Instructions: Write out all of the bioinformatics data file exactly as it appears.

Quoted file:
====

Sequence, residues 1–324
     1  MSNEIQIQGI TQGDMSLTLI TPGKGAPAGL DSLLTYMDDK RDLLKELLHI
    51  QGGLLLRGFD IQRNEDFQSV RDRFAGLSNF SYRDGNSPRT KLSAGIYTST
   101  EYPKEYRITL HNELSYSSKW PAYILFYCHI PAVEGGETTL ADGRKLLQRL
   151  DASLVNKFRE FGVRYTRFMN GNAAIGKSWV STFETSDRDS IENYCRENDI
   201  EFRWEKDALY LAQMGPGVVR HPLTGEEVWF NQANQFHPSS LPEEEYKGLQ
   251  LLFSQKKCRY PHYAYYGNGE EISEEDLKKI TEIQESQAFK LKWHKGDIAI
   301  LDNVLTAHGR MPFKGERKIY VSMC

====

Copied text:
Sequence, residues 1–324
     1  MSNEIQIQGI TQGDMSLTLI TPGKGAPAGL DSLLTYMDDK RDLLKELLHI
    51  QGGLLLRGFD IQRNEDFQSV RDRFAGLSNF SYRDGNSPRT KLSAGIYTST
   101  EYPKEYRITL HNELSYSSKW PAYILFYCHI PAVEGGETTL ADGRKLLQRL
   151  DASLVNKFRE FGVRYTRFMN GNAAIGKSWV STFETSDRDS IENYCRENDI
   201  EFRWEKDALY LAQMGPGVVR HPLTGEEVWF NQANQFHPSS LPEEEYKGLQ
   251  LLFSQKKCRY PHYAYYGNGE EISEEDLKKI TEIQESQAFK LKWHKGDIAI
   301  LDNVLTAHGR MPFKGERKIY VSMC